To mark the 50th anniversary of the magazine in 2011, Adam Macqueen has produced a fascinating A-Z history of Private Eye.
- Format: Hardback
- Pages: 312 pages, ill
- Publisher: Private Eye Productions Ltd.
- Publication Date: 01/09/2011
- Category: Humour
- ISBN: 9781901784565
Showing 1 - 2 of 2 reviews.
Review by the.ken.petersen
Private Eye is a wonderful publication that so often proves the old adage, "You just couldn't make it up". The true bits are so often more ridiculous than the jokes. This book is, in equal part, a history of the Eye and a review of the more famous (infamous?) stories that have appeared over 50 years. There is, perhaps, nothing more delightful than a group of public school boys (and yes, they are almost exclusively boys) who reject the elitism that is expected of there breed. Ingrams and Hislop have, for 50 years pricked the bubble of assured arrogance that surrounds so many of these "chaps". I have always admired the way that, hidden amongst the jokes is some of the most cutting edge reportage available to the reader. Eye regularly exposes scandals to which the hard nosed reporters of the press have turned a blind eye, for fear of upsetting an advertiser.This book does explain the nascent germ of many of the characters found in the Eye over the years and has a descent biography of all the main players: above all, it retains the anarchic humour for which the magazine is rightly famed. If you claim an interest in humour, or politics, and you have not purchased this book, then your claim is erroneous.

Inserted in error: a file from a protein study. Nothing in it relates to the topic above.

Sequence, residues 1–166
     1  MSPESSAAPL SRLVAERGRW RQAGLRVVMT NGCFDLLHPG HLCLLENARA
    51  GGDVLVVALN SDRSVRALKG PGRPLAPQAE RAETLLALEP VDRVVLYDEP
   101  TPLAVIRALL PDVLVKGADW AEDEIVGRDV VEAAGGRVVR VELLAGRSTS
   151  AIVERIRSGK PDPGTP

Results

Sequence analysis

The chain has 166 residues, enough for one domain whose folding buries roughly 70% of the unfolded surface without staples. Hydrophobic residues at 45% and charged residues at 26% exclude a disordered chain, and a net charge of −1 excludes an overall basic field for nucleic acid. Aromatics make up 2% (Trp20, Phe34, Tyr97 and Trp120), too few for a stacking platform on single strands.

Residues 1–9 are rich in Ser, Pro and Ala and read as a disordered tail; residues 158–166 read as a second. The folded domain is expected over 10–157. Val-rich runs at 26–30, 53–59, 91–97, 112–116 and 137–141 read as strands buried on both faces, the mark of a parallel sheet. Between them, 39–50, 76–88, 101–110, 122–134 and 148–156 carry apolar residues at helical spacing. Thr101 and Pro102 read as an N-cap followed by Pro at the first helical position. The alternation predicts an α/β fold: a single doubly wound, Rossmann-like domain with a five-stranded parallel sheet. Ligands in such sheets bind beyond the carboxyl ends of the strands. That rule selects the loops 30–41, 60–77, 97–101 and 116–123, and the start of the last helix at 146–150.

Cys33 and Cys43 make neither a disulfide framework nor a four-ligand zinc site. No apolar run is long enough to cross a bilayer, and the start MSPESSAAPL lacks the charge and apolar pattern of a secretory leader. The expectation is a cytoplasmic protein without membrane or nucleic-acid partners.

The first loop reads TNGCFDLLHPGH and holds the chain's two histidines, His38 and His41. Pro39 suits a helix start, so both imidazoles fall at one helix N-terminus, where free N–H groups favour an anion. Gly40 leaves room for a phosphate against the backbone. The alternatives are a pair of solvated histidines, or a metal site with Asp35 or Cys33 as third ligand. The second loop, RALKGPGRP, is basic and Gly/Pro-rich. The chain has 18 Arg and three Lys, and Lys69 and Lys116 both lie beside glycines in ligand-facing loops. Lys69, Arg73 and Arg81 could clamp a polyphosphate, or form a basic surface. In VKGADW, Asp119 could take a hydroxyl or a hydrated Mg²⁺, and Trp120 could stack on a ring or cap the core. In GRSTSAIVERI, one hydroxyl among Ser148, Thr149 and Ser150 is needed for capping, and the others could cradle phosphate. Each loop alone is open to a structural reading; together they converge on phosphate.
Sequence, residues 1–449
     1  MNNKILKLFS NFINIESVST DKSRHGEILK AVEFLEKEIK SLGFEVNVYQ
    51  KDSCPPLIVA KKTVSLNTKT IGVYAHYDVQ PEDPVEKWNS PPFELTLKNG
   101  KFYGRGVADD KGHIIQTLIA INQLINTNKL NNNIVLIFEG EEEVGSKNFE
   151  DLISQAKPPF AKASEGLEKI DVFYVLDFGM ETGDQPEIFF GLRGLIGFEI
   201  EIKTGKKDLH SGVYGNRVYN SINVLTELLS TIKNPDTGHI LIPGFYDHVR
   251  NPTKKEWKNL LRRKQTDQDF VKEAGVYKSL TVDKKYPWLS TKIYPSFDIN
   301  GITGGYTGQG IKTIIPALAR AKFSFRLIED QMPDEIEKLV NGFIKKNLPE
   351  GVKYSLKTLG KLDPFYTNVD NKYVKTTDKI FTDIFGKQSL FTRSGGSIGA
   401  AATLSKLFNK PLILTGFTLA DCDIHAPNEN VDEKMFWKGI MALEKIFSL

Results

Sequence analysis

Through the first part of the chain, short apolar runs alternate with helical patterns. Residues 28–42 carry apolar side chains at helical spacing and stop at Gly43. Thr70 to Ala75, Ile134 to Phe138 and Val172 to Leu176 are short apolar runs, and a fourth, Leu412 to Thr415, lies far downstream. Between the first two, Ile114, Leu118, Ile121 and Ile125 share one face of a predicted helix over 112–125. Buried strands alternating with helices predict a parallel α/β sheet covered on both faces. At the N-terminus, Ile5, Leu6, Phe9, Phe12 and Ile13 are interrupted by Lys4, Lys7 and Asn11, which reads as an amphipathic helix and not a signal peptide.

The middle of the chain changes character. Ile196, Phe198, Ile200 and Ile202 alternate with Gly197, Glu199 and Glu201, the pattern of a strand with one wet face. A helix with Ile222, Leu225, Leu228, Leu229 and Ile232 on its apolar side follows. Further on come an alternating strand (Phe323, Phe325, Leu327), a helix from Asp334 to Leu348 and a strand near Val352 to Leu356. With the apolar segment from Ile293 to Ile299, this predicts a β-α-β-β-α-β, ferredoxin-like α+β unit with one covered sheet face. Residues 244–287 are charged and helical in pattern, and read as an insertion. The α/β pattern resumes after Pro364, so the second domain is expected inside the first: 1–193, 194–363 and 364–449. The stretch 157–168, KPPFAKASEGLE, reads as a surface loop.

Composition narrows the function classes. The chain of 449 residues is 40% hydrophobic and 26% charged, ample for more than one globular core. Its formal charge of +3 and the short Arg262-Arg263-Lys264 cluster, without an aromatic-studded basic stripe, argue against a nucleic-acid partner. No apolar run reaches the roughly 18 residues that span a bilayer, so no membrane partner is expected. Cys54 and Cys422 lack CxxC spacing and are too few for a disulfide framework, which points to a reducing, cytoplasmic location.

Review by Schopflin
This handsome volume was given to me as a present, which baffled me slightly, as I've never been a Private Eye reader, but I loved it. The magazine's history is a history of British news and satire since the 1960s and includes intriguing and interesting characters such as Peter Cook, Willie Rushton, Richard Ingrams and Auberon Waugh. There's a fascinating insight into less well-known or flamboyant characters, including the editor Ian Hislop. I started off reading it in the non-linear fashion for which it was designed (although cross-references are cleverly used to tell stories) and ended up going through alphabetically to make sure I hadn't missed anything. As you might (or perhaps might not) expect, it's also very funny!